Informal Techniques Example 2:
The team inspecting a simulation design might include a moderator; a recorder; a reader from the simulation design team who will explain the design process and answer questions about the design; a representative of the Developer who will be translating the design into an executable form; SMEs familiar with the requirements of the application, and the V&V Agent.
· Overview -- The simulation design team prepares a synopsis of the design. This and related documentation (e.g., problem definition and objectives, M&S requirements, inspection agenda) is distributed to all members of the inspection team.
· Preparation --The inspection team members individually review all the documentation provided. The success of the inspection rests heavily on the conscientiousness of the team members in their preparation.
· Inspection -- The moderator plans and chairs the inspection meeting. The reader presents the product and leads the team through the inspection process. The inspection team can be aided during the faultfinding process by a checklist of queries. The objective is to identify problems, not to correct them. At the end of the inspection the recorder prepares a report of the problems detected and submits it to the design team.
· Rework --The design team addresses each problem identified in the report, documenting all responses and corrections.
· Follow-up -- The moderator ensures that all faults and problems have been resolved satisfactorily. All changes should be examined carefully to ensure that no new problems have been introduced as a result of a correction.
A review is intended to evaluate the simulation in light of development standards, guidelines, and specifications and to provide management, such as the User or M&S PM, with evidence that the simulation development process is being carried out according to the stated objectives. A review is similar to an inspection or walkthrough, except that the review team also includes management. As such, it is considered a higher-level technique than inspection or walkthrough.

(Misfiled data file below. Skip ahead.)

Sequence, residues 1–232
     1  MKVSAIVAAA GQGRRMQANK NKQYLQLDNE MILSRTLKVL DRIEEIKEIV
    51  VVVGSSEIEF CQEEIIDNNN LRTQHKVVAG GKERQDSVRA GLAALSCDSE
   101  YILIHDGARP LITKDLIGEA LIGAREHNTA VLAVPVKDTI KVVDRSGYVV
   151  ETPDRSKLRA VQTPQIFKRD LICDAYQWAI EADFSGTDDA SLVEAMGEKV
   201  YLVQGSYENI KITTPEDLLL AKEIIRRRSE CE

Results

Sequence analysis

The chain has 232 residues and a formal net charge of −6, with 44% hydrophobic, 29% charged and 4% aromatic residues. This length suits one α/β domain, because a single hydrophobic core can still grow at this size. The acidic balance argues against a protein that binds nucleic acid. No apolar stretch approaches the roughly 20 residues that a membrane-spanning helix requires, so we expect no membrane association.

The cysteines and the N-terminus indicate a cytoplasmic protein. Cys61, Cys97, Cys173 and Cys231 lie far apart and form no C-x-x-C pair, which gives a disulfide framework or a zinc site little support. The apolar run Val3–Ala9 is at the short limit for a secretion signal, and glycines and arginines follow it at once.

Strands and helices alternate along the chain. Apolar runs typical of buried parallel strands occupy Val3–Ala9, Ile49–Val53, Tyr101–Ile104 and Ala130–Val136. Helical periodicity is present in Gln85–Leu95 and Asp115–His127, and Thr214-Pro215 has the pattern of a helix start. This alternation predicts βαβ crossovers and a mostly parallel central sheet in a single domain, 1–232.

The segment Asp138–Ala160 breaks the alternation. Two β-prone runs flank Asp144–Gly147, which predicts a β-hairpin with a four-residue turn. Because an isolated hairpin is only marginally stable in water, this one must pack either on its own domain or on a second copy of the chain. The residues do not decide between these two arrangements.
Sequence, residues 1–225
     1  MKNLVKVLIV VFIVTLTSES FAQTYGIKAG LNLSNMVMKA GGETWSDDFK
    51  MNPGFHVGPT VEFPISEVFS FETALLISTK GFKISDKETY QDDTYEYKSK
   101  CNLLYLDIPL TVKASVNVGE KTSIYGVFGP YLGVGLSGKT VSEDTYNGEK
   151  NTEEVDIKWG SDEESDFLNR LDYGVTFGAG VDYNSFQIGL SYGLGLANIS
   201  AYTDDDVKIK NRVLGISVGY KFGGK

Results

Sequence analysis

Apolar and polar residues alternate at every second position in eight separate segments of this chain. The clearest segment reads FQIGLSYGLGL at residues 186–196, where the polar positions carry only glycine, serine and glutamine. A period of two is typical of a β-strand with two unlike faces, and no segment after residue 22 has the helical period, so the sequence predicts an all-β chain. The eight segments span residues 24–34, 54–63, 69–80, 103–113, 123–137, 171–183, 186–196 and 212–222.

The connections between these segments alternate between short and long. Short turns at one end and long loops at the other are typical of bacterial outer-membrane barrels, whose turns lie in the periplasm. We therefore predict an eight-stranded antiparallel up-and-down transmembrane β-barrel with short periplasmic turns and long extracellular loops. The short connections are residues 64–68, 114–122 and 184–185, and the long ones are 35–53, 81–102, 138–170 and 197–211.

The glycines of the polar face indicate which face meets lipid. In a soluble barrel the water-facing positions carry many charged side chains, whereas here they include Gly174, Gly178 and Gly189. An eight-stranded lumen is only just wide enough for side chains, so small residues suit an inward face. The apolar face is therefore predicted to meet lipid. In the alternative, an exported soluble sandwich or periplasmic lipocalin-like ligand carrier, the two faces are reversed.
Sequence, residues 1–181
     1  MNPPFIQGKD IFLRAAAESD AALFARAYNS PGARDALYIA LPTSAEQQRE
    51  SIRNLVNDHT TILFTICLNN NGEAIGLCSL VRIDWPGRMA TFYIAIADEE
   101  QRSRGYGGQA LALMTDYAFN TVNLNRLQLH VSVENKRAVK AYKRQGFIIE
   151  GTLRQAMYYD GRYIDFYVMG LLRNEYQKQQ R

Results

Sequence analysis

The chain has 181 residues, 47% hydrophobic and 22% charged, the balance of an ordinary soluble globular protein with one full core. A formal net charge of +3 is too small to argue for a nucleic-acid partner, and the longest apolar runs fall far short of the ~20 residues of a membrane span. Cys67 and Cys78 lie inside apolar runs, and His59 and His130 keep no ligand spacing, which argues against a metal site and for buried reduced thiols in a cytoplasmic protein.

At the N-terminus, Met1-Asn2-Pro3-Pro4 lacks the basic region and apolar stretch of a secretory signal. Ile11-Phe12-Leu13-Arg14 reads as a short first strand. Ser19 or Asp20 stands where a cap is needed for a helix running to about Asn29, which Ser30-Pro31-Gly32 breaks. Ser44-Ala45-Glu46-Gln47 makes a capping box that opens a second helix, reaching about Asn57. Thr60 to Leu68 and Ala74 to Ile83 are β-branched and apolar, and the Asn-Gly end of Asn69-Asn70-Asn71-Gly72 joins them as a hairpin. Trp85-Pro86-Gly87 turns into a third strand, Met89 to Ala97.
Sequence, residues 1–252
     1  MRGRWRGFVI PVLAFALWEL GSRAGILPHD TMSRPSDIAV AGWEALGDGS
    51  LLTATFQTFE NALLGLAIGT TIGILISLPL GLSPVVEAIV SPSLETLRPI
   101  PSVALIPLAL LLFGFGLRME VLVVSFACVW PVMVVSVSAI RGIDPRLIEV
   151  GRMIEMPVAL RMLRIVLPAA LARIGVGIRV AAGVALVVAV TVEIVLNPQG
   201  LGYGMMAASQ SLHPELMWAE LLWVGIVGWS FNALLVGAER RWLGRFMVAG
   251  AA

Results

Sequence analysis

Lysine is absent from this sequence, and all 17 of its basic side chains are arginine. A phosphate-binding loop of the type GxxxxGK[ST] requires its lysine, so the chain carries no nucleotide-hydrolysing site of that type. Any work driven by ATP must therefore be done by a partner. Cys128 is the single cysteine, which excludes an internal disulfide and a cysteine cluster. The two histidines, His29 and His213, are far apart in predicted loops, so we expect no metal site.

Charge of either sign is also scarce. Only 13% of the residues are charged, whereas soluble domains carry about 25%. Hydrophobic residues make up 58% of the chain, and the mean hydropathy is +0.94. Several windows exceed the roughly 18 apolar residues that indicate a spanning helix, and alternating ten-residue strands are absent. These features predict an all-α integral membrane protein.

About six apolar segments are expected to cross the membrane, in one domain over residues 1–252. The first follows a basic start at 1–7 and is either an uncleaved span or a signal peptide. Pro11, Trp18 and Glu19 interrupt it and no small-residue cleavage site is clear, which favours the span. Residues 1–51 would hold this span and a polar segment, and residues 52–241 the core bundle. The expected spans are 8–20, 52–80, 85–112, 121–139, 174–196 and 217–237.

A review team is generally comprised of management-level representatives of the User and M&S PM. Review agendas should focus less on technical issues and more on oversight than an inspection. The purpose is to evaluate the model or simulation relative to specifications and standards, recording defects and deficiencies. The V&V Agent should gather and distribute the documentation to all team members for examination before the review. The V&V Agent should also prepare a set of indicators to measure such as those listed in the table below.
· appropriateness of the problem definition and M&S requirements
· adequacy of all underlying assumptions
· adherence to standards
· modeling methodology
· quality of simulation representations
· model structure
· model consistency
· model completeness
The V&V Agent may also prepare a checklist to help the team focus on the key points. The result of the review should be a document recording the events of the meeting, deficiencies identified, and review team recommendations. Appropriate actions should then be taken to correct any deficiencies and address all recommendations.
The Turing test is used to verify the accuracy of a simulation by focusing on differences between the system being simulated and the simulation of that system. System experts are presented with two blind sets of output data, one obtained from the model representing the system and one from the system, created under the same input conditions and are asked to differentiate between the two. If they cannot differentiate between the two, confidence in the model’s validity is increased [Schruben, 1980; Turing, 1963; Van Horn, 1971]. If they can differentiate between them, they are asked to describe the differences. Their responses provide valuable feedback regarding the accuracy and appropriateness of the system representation.
The main thrust of the walkthrough is to detect and document faults; it is not a performance appraisal of the Developer. This point must be made to everyone involved so that full cooperation is achieved in discovering errors. A typical structured walkthrough team consists of
· Coordinator, often the V&V Agent, who organizes, moderates, and follows up the walkthrough activities
· Presenter, usually the Developer